• A HUD employee tells of meeting a woman - a single mother - who was so proud to have just bought her first home. Curious, he asked her how she did it. She replied that the very first thing she did was go to the HUD home page and print out all the information about how to buy a home.

  • A HUD Community Builder in Florida met with the Director of Sarasota's Education Assistance Program and showed her our Kids Next Door web site. The Director was so excited about Kids Next Door that she started using it to teach citizenship to children in her program. When the children finish their homework and/or tutoring, she offers them Kids Next Door as their "bonus!"

  • A new resident of HUD-assisted apartments in Kentucky identified his new home from pictures and descriptions on HUD's web site. From his home in Arizona, he found the photo, contacted the property manager, and made arrangements to move in, without having to make a house-hunting trip at all.

The Future

Developing web sites seems to follow a natural progression. First, you do the most obvious - you use them like a newspaper, to provide information. We're doing that. Then, you start to use them to do your work. You redesign and automate your work processes and make them available through the web. You get more interactive. That's happening at HUD, too. The next step - the one that we'll focus on this year - presents both challenges and opportunities: using the web to discuss, convene, and involve.

One of the beauties of the web is that it permits people to connect without the limitations of geography and time. The web offers a non-threatening place to ask questions, voice opinions, and participate in discussions. It offers a place where "communities" of people with common interests and concerns can form, to learn and work together. And the more we can help citizens connect with other citizens, partners connect with other partners, employees connect with other employees, and each of these audiences connect with one another, the greater the potential for innovative ideas and creative solutions to problems.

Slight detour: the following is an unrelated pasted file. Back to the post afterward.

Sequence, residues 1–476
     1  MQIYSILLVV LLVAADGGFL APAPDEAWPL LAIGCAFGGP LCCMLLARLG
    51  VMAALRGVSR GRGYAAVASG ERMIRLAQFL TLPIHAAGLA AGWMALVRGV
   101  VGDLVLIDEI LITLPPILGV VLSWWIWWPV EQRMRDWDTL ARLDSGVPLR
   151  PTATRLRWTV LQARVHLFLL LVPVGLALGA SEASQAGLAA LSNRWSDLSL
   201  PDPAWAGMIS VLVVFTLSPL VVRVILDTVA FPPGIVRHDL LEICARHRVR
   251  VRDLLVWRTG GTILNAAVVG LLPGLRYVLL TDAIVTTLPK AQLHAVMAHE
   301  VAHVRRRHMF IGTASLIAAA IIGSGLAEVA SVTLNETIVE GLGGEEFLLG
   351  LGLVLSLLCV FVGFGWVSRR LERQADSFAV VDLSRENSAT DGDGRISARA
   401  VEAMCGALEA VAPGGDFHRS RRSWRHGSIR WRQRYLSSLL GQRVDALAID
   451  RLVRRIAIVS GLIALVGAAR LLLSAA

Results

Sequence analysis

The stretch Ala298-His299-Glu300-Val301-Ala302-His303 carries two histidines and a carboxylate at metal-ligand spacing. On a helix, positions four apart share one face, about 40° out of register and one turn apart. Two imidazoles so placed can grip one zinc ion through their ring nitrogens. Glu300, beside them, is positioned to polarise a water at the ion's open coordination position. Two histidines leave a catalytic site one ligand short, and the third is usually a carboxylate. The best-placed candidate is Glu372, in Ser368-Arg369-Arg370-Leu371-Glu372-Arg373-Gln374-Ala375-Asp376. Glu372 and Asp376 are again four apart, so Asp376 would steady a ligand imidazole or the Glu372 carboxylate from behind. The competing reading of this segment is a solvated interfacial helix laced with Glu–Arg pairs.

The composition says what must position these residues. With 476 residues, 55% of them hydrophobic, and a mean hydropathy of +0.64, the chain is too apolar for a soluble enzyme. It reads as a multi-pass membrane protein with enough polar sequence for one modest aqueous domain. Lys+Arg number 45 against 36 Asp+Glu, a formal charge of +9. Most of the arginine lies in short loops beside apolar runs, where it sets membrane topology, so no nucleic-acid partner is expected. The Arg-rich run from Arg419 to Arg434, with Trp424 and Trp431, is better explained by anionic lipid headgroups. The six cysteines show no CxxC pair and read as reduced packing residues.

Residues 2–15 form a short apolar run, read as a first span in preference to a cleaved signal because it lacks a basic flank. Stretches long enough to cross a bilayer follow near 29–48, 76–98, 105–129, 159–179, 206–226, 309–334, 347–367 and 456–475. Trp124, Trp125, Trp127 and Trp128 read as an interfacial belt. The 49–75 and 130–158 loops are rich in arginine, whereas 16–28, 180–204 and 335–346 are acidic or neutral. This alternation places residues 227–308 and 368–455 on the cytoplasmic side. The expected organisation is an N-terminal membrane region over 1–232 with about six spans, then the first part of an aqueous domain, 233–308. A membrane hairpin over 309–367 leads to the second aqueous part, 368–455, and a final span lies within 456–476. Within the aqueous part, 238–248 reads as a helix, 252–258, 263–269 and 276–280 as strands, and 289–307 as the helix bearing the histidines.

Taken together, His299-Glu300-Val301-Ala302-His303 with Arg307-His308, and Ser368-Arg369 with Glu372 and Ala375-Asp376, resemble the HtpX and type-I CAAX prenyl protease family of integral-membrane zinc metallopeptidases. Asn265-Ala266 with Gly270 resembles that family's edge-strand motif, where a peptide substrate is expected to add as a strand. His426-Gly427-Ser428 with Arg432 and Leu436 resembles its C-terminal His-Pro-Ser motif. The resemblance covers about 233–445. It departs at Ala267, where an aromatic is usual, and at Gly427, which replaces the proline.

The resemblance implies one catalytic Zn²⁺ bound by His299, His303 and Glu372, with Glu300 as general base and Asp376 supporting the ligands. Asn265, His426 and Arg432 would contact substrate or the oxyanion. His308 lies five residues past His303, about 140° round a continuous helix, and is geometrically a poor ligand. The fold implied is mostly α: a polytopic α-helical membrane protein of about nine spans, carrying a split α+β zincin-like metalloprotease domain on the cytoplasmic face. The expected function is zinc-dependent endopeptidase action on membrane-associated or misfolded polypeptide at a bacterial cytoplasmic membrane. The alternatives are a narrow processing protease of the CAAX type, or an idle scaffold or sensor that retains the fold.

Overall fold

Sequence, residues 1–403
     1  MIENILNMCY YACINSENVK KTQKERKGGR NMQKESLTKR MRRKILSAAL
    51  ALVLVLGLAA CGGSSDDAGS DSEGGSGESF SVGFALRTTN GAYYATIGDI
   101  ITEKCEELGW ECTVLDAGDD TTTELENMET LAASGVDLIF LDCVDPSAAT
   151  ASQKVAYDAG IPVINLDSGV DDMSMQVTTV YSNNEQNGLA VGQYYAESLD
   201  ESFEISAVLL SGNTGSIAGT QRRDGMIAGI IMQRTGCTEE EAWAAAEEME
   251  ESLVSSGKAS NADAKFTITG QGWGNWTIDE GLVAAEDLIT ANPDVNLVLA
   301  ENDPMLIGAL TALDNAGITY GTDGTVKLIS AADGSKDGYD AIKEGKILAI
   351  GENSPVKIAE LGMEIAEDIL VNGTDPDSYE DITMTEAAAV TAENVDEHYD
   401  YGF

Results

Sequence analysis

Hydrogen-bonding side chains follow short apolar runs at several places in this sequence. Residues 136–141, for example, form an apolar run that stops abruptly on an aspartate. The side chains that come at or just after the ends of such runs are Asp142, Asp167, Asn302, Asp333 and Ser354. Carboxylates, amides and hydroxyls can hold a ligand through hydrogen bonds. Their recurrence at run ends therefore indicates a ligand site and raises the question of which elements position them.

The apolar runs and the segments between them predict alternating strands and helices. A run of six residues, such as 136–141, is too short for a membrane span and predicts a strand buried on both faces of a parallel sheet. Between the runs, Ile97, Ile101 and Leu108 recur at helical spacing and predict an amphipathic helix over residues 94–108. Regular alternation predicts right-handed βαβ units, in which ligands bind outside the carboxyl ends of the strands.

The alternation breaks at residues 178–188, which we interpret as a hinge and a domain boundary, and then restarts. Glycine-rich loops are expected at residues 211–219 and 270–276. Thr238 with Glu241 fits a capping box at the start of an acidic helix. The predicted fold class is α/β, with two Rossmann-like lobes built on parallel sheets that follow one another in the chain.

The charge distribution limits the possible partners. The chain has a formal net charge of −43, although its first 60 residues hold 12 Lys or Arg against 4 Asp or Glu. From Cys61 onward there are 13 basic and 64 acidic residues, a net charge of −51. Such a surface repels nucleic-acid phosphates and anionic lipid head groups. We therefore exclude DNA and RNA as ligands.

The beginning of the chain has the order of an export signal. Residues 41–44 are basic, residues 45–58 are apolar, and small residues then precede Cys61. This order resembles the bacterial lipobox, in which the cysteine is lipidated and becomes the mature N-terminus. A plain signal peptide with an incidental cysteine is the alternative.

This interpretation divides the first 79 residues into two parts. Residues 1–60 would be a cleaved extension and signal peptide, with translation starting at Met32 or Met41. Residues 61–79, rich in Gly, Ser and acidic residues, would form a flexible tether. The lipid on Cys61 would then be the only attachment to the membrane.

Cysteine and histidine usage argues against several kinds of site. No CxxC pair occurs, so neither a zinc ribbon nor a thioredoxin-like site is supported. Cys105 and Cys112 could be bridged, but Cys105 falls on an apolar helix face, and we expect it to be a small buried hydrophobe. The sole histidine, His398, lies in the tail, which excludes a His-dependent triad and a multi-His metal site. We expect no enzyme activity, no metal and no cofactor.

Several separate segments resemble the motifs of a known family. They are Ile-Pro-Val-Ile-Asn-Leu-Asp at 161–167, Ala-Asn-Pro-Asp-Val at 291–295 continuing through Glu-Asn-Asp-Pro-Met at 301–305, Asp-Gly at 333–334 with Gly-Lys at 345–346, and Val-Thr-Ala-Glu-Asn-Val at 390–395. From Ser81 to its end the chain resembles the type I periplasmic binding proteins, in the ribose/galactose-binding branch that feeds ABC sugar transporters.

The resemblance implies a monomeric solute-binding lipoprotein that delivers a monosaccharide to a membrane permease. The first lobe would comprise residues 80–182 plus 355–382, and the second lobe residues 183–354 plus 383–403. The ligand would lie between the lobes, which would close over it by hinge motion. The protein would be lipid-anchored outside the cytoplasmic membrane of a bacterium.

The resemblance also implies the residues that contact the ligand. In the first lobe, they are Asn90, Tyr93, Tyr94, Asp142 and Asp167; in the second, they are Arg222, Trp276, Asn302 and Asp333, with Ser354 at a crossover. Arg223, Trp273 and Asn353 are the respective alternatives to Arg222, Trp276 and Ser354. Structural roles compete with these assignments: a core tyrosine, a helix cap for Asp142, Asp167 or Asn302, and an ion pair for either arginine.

So we have 3 objectives this year:

1. Use the web to connect people with people

  • Wouldn't it be great if citizens could come to the HUD web site, click on "talk to a housing counselor," and have an immediate online one-on-one discussion with a HUD housing counselor?

  • Wouldn't it be great if community groups could come to the HUD web site, click on "talk to a technical assistance provider," and get answers to their questions right then, right there, day, night and weekends?

  • This year, we're working on developing real-time chat technology to facilitate these kinds of communications. By year's end, we hope to have at least one pilot effort underway.

2. Use the web to connect people with their government

One of the most exciting - and, as yet, untapped - capabilities of the web is to involve citizens in their government�to help create government of the people and by the people - not just for the people. We're talking about giving citizens opportunities to influence what happens in the government and to help citizens define the problems and shape the solutions, working right along with government employees.

  • Wouldn't it be great if we could publish a "TV guide" of online town meetings with citizens, in which they can both view and participate in discussions on public policy issues with HUD executives and other experts?

  • Wouldn't it be great if we could offer online meeting places, where both formal and ad hoc groups could come together to discuss common issues, share and maintain documents, conduct meetings, set goals, and monitor the progress of their efforts to improve their communities?

  • Wouldn't it be great if we offered regular opportunities for citizens to voice their views and ideas on current policy issues under discussion - before we get to the rule-making step?